TC10K_Start© Copyright – 2016 – Athletics Illustrated

Over 7,000 competitors took in the 27th annual TC10K this morning under cloudy skies and cool, blustery conditions.

The pre-race chatter never strayed far from the subject of wind conditions on the water, or of the Virgin London Marathon that took place a few hours earlier, which was won in the time of 2:03:05 by Kenyan Eliud Kipchoge, the second fastest marathon in history behind countryman Dennis Kimetto, who ran 2:02:57 in Berlin in 2014. It was also a new London course record.

Kenyans also came to Victoria looking to break the TC10K course record of 28:47 set in 1995 by countryman Simon Chemwoyo, doable, but not during a blustery, cool Sunday, like today as Daniel Kipkoech won in the time of 29:42 and Jane Murage crossed the line in 33:45, 54 and 49 seconds off the records, respectively.

The men’s pack went out at 2:50 to 2:53 per-kilometre pace with Lamech Mokono leading seven other Kenyans including Leonard and Daniel Kipkoech (not related), Soloman Rotich, Christopher Cheruiyot, Willy Kimosop (who lives in Lethbridge, Alberta), Paul Kimugul and Bernard Ngeno.

Kimosop, Mokono and Ngeno, dropped off the pace after three kilometres, the latter two were racing through injuries, but stayed in the race. Mokono owns the current GoodLife Fitness Victoria Marathon course record of 2:13:42 from 2013. He was also saving himself from further injury as he will be pacing the Ottawa Marathon in May.

At the 5K split, the group was down to Leonard and Daniel Kipkoech, Rotich, Kimugul and Cheruiyot, who passed TC10K_MossStreetthrough half-way in the time of 14:51/2.

From kilometre seven to eight Cheruiyot led Daniel Kipkoech, who was drafting in the strong headwind. At the eight kilometre mark, where the course changes direction, Kipkoech pulled alongside Cheruiyot took a look at him, then dropped the pace to take the win.

Asked if he had said something to Cheruiyot, Kipkoech said, “No, I was listening to his breathing. I wanted to see how hard he was going and if I should take the lead.”

Meanwhile in the women’s race, American Lindsey Scherf from Pal Alto, California was back for her second straight TC10K to see if she can improve on her second place finish from last year. She finished fourth in the Vancouver Sun Run last week and recorded a time of 33:52, but the story of the day was about birthday girl and three-time winner Jane Murage of Kenya.

Murage had Happy Birthday sung to her while she was on stage accepting her first-place medal. She is the first to win four consecutive times. Victoria-based athletes Ulla Hansen (Marquette) and Lucy Smith have won several times each. Smith was in the race today competing as a master and won the over-40 category.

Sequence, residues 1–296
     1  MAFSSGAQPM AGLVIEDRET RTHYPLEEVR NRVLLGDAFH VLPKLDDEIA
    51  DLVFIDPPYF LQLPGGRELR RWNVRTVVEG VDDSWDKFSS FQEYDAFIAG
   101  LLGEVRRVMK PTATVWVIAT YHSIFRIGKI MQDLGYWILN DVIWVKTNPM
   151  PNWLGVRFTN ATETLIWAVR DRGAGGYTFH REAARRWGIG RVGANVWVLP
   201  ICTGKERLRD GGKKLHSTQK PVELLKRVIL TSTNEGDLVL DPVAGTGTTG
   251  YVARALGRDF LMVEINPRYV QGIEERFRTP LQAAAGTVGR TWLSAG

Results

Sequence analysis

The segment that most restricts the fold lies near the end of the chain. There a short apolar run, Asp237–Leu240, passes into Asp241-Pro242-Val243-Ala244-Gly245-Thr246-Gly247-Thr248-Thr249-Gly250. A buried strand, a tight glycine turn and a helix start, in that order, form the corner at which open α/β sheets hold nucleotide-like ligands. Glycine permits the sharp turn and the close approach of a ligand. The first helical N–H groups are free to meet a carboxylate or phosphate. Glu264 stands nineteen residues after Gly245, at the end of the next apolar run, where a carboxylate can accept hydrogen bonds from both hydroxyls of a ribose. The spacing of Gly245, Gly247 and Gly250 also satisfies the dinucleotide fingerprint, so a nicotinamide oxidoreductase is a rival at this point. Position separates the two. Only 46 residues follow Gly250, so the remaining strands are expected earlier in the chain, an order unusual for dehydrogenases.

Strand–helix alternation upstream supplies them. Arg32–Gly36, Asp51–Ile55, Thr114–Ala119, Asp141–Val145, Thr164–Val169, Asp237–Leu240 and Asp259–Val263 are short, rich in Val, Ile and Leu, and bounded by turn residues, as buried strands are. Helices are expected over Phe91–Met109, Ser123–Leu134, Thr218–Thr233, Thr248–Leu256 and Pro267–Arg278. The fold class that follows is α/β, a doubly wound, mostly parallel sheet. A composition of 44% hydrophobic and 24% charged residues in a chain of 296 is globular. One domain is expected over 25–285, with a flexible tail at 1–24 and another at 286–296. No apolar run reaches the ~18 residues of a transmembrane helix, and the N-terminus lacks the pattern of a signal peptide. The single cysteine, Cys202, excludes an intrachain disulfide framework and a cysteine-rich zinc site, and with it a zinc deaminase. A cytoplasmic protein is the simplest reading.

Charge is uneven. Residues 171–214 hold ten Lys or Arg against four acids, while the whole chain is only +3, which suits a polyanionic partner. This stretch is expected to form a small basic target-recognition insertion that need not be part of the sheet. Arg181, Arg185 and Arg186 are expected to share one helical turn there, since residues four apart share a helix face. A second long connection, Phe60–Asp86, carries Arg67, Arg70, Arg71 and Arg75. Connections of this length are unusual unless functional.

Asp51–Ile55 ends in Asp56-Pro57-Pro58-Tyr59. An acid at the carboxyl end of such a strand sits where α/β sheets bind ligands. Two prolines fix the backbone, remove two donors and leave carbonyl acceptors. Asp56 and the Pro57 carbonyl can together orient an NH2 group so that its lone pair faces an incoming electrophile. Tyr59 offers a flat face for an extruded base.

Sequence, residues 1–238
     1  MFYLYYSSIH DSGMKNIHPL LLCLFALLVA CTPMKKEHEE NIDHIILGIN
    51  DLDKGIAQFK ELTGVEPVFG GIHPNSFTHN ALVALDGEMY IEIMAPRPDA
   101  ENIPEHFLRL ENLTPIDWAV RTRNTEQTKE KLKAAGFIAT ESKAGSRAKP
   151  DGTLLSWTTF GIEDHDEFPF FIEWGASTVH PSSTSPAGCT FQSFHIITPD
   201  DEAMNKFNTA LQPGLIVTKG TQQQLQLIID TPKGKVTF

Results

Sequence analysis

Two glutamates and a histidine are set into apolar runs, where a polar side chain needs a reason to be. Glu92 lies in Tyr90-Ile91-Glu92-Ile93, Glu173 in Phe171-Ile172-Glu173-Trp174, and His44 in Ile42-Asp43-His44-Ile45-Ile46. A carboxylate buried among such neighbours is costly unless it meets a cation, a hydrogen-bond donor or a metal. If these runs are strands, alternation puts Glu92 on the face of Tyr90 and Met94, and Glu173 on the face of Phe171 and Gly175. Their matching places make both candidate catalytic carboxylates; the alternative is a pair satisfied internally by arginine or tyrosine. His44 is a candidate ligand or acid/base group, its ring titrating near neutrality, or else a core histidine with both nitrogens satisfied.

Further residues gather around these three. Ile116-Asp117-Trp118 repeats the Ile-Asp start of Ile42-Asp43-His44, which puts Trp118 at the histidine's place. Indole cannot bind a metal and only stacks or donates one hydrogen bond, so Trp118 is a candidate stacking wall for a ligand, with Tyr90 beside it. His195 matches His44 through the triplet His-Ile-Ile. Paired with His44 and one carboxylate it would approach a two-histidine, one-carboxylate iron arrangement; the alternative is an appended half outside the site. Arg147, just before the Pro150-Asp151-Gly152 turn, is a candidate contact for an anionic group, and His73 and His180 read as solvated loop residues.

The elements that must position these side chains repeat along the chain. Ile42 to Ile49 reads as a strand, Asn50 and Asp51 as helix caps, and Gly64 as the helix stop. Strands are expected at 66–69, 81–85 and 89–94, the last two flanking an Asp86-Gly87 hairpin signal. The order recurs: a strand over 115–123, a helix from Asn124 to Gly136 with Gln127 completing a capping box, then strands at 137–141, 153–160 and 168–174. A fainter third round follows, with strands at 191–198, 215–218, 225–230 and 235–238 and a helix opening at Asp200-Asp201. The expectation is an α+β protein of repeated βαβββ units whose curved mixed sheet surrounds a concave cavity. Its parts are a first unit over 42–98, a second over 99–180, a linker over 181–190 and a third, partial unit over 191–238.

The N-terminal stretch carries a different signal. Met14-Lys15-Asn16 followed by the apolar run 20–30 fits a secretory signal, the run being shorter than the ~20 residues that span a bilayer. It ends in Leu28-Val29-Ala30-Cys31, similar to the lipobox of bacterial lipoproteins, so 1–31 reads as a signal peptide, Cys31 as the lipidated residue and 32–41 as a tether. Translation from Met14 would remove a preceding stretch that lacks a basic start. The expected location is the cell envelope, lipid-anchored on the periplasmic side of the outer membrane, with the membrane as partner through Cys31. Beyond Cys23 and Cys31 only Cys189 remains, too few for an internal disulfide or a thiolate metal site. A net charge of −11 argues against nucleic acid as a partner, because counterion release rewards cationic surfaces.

Hansen won four out of five years from 1992 to 1996, while Smith finished first five out of six years between 2002 and 2007, as well as in 1997.

Murage told Athletics Illustrated, “I love coming to Victoria and racing and I love the TC10K, it is so well organized and it is so much fun.”

Murage will head back to Kenya after racing in the BMO Vancouver Half Marathon the following Sunday.

The second place finisher was Canadian Emily Setlack (Tallen), who is from Cold Lake, Alberta. She finished in a new personal best time of 33:47. Last week she had run 34:02 at the Vancouver Sun Run and felt that she could do more. Asked if she felt that the cool temperatures were an advantage coming from Cold Lake, she said, “Yes, I think so. I train all winter in adverse conditions, so I think that favoured me here today.”

Setlack was excited about her accomplishment because for the first time she raced without a watch. “I was nervous about doing it, but my coach Matt Clout suggested that I try racing without a watch in this one, so I tried it. I was excited and surprised to see the clock at the finish read under 34-minutes, I had no idea how fast I ran, until then.”

The top Canadian male was Shoayb Bascal, who runs for the University of Victoria; he finished seventh in 31:21. “I was looking for sub-31, but considering the conditions, I am pretty happy with that time,” said Bascal.

The top men’s master finisher was Victoria’s Jim Finlayson who crossed the line in the time of 32:07. Last week he ran an impressive 31:12 in Vancouver. Making no excuses he said, “It just wasn’t there.” However, the wind was likely a factor.

Campbell River native and former University of Victoria Vike Mark Cryderman was the second master finisher, crossing the line in the time of 33:22, while fellow former Vike Craig Odermatt finished in 33:43.

The two masters women to finish behind Smith were, Nancy Baxendale of Shawnigan Lake who finished in the time of 39:34 in the 50-54 category, while Alyson Fryer crossed the line in 42:16.

Meanwhile in other Canadian running news, Rob Watson of Vancouver was in London trying to achieve the Canadian Marathon standard for the Rio Olympics. He was hoping to run 2:12:50, however, didn’t have the race he was looking for and finished in the time of 2:18:45. His personal best is 2:13:29.

In Montreal, at the Scotiabank Montreal Half Marathon, Kip Kangogo of Lethbridge won in the time of 66:49 over Toronto’s Sami Jibril who finished in 67:02. The third place finisher was Josh Bolton of Paris, Ontario who finished 39 seconds later. The top women were Branford’s Krista Duchene who won in the time of 1:12:30 over Catherine Cormier of New Richmond who finished second in the time of 1:20:17 and the third place finisher was Bianca Premont who finished in 1:21:21 of Ste. Julienne, Que.